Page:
Another challenge is the fact that it can take 10 years for a medical discovery or invention to gain Food and Drug Administration approval, meaning that income from patents and other advances takes a long time to come to fruition.
   Scripps’ permanent home only opened in Jupiter in 2009.
   Making matters worse, in recent weeks Scripps leaders dropped the news on faculty that a merger was in the works with the University of Southern California — a surprise sold to some as a great deal because of the $15 million a year it would bring — only to have them learn it was 
meant to plug a leak in the institute’s budget.
   Faculty leaders in Jupiter and La Jolla are calling for the ouster of Michael Marletta, who replaced Jupiter campus founder Richard Lerner as president and CEO in 2012.
   Scripps’ chairman, former U.S. Rep. Dick Gephardt, has announced an advisory committee “to facilitate our ongoing holistic review of all possible opportunities.”
   One insider said Marletta’s “not going to go away without a lot of discussion” but that there’s no question communication needs improvement, especially since there’s little to stop star researchers from jumping ship and taking their grants with them.
   County Commissioner 
Hal Valeche said Thursday that faculty members told him that there was angst over the institute’s future but no imminent danger to the Jupiter labs, in which the state and county invested $579 million in incentives and other commitments.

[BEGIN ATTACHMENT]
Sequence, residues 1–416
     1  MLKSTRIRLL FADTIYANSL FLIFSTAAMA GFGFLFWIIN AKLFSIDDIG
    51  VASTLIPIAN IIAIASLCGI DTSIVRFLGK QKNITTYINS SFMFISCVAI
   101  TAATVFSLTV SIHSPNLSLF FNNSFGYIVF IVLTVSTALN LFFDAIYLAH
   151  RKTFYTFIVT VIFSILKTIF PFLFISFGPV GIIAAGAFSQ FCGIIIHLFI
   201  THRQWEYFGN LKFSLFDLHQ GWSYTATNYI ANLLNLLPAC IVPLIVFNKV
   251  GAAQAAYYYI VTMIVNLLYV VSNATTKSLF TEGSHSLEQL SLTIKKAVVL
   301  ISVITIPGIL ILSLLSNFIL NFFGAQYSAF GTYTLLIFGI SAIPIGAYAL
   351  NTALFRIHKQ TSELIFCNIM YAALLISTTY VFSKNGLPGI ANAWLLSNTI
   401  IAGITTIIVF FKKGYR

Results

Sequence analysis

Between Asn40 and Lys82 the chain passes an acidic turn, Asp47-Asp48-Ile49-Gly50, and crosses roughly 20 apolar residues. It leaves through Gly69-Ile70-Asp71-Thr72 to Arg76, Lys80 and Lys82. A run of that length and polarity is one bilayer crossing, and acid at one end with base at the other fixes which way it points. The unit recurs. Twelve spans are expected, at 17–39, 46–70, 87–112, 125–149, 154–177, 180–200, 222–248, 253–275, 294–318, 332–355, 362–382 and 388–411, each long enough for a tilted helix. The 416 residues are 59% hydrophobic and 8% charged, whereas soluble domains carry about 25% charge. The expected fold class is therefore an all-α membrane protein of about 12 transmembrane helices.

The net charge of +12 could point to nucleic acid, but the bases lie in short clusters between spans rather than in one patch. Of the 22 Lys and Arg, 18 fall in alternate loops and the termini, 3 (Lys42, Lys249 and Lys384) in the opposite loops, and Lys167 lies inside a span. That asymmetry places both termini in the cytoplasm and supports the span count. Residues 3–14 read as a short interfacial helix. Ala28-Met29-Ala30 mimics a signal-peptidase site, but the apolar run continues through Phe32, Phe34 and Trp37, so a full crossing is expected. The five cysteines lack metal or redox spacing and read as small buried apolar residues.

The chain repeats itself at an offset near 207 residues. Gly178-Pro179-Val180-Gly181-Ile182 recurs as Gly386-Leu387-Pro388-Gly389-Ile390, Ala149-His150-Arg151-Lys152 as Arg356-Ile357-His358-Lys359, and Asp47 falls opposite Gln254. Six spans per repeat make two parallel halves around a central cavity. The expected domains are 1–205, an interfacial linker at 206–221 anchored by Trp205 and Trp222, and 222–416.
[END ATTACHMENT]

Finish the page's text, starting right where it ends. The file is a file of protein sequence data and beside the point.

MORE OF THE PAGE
According to Marcus, the $21 million deficit should be seen in relative terms. Scripps has a budget of $400 million, she said. “It’s like the county: We either do budget cuts or go to our surplus. They probably have done both.”
   Meanwhile, the Jupiter facility has met hiring expectations and has been “incredibly successful” in winning grants and conducting research on cancer, aging, autism and other conditions, she said.
   As for communications, Marletta took the place of someone who was an expert at that, Lerner, she noted. The new chief executive will work with the committee to improve it, Marcus said.
   So intense is the atmosphere, though, that some faculty members are refusing to serve on the committee with him.
   “It’s a big campus. Where do you start?” Marcus asked. “Some folks were talked to, but I don’t know if enough were.”